Blue Light Impacts Brain & Eye Health — Especially Later In Life
In older age, blue light exposure becomes even more concerning.
August 5, 2022 — 10:34 AM
When you hear about blue light health concerns, you probably think of how it impacts the circadian rhythm and your sleep health. Or, perhaps, your mind goes straight to the blue-light-blocking glasses you’ve likely seen advertised on social media.
Thanks to constant use of digital technology and LED lights (not to mention the biggest blue light source we have to worry about—the sun), we’re being barraged by blue light from every angle imaginable.
The blue light study design.
Led by biological clocks (i.e., circadian rhythm) expert and professor Jadwiga Giebultowicz, Ph.D., researchers at Oregon State University investigated how blue light exposure affects neurological (brain) health, mitochondrial health, and overall longevity by exposing the common fruit fly (Drosophila melanogaster) to blue light as they age.
In general, aging reduced the organisms’ tolerance for environmental stressors (such as blue light), partly due to decreased mitochondrial reactions. The flies’ mitochondrial health was evaluated at different points of the lifespan (i.e., two, 20, 40, and 60 days) to see how exactly blue light impacted their cellular health as they aged.
"At the crux of mitochondrial health is bioenergetics, aka cellular energy production (you know, ATP from the foods we eat), for every function in our cells, tissues, organs, and whole-body systems," shares nutrition scientist Ashley Jordan Ferira, Ph.D., RDN.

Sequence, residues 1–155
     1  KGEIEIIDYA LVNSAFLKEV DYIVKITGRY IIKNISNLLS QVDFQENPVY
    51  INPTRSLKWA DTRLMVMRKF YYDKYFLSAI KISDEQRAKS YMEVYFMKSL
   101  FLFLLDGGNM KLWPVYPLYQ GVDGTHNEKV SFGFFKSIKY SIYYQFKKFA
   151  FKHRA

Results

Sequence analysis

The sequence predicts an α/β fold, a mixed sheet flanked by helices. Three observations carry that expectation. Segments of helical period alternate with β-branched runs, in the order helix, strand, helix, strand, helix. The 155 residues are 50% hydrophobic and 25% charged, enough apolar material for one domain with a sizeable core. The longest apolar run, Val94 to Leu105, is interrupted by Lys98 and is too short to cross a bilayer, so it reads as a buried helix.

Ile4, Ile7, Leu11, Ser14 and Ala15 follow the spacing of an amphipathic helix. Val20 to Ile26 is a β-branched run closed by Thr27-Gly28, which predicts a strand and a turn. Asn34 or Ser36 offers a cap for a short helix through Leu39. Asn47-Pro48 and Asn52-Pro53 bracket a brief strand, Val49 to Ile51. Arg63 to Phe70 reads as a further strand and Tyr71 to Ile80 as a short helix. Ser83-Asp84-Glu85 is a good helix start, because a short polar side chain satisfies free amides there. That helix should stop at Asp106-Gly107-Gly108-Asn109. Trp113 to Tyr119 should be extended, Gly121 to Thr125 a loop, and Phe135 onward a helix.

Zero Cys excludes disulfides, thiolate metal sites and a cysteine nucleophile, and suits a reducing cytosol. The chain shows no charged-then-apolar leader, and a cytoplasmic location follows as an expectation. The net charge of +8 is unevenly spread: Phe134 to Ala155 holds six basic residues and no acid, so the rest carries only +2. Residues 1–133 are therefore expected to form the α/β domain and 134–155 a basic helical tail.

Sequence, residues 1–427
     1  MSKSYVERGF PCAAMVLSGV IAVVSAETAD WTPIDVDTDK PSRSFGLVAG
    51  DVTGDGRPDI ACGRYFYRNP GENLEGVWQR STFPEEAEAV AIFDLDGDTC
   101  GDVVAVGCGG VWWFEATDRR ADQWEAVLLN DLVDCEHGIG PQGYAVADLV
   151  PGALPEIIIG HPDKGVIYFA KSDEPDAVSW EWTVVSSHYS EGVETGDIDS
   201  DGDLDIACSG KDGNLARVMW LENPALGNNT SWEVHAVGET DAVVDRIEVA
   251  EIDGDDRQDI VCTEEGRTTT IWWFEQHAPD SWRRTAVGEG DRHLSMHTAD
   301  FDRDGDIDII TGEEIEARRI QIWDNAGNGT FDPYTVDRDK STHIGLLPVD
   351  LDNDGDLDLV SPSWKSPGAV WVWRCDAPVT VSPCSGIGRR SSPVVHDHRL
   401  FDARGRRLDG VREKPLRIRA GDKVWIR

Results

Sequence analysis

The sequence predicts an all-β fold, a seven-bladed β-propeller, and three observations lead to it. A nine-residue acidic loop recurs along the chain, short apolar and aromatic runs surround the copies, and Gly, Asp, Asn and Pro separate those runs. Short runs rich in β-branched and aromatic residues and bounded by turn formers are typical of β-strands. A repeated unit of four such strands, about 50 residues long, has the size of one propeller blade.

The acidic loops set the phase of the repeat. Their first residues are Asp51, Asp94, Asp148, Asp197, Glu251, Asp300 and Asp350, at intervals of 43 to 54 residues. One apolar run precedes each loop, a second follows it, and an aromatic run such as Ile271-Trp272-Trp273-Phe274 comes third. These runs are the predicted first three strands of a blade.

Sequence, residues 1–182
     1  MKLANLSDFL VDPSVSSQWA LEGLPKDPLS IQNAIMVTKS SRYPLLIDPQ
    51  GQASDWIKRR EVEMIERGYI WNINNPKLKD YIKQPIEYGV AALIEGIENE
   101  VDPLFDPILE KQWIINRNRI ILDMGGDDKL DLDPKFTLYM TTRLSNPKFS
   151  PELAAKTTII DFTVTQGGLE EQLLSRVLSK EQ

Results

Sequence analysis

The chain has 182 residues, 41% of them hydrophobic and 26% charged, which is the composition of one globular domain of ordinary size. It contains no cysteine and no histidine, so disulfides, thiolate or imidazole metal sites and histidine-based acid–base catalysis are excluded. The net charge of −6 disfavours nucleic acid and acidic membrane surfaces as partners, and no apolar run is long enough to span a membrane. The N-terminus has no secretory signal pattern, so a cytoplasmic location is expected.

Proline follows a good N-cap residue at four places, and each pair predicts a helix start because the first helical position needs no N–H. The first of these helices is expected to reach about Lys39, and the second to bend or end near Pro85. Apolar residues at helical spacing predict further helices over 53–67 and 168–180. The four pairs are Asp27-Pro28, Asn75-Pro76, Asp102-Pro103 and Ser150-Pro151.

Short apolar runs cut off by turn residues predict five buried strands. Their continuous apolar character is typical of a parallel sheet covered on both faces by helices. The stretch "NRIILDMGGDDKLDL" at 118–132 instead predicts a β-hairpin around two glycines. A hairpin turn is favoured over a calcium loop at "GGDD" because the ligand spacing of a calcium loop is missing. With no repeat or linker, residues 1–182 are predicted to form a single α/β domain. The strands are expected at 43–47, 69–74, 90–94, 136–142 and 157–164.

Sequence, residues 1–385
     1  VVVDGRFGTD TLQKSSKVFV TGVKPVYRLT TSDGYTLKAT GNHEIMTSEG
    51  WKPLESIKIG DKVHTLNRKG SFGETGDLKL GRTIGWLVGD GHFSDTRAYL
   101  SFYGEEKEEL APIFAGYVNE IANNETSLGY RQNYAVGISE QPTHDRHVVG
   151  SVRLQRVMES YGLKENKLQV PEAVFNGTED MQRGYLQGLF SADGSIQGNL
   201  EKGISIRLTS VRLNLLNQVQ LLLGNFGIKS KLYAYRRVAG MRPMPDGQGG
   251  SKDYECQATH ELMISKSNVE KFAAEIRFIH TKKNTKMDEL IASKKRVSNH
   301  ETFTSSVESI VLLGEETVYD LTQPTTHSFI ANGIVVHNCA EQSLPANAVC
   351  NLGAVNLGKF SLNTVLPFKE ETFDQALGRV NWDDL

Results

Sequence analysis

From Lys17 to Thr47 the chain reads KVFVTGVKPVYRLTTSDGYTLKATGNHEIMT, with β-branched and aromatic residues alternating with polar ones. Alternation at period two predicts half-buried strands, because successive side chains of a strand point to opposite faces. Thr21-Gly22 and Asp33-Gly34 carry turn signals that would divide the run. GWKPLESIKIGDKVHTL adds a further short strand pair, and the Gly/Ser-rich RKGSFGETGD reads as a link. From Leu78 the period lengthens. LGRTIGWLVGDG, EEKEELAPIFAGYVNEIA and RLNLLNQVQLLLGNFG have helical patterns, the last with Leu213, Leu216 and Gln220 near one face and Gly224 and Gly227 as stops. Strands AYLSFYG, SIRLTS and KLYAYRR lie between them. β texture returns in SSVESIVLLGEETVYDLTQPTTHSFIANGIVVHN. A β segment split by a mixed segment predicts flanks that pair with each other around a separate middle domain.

How blue light impacts longevity.
Although we often think of blue light affecting our eye health—and it certainly does—it seems there may be more than meets the eye with blue light longevity concerns (see what I did there?).
Case in point: A previous Nature Partner Journals Aging 2019 study also led by Giebultowicz revealed that long-term exposure to blue light affected both retinal and non-retinal cell longevity in common fruit flies, impacting everything from vision health to neurocognitive factors and locomotor function.
In this newer study, the effects of blue light exposure increased significantly later in the lifespan—i.e., older flies were far more susceptible to the same intensity and duration of blue light than younger flies. Again, this is partially due to the natural decrease in mitochondrial efficiency, and partially due to the impact of blue light as a stressor.
Though these study results are from a preclinical insect model (albeit a "stellar organism specifically for circadian rhythm research," explains Ferira), they demonstrate that blue light can have a profound impact on the eye health, cognitive function, movement, and overall longevity of organisms—especially later in life.
Too much of anything isn’t good for our health, and long-term blue light exposure, thanks to excessive use of screens and LED lights, is no exception. Luckily, there are a few ways we can protect ourselves from blue light on a daily basis—such as a comprehensive vision longevity supplement like mbg’s eye health+.*
With clinically backed doses of vision-essential macular carotenoids lutein and zeaxanthin, eye health+ acts like a pair of “internal sunglasses,” protecting your eyes from long-term blue light exposure.* Additional botanical ingredients astaxanthin, saffron, and maqui berry round out the vegan formula to support eye hydration, combat eye fatigue, and promote vision longevity.*
We simply can’t avoid blue light in our day-to-day lives (not without running away to a remote cabin in the woods, at least). But we can take daily, proactive measures to protect our eye health and visual performance! And eye health+ is a great way to do just that.*
If you are pregnant, breastfeeding, or taking medications, consult with your doctor before starting a supplement routine. It is always optimal to consult with a health care provider when considering what supplements are right for you.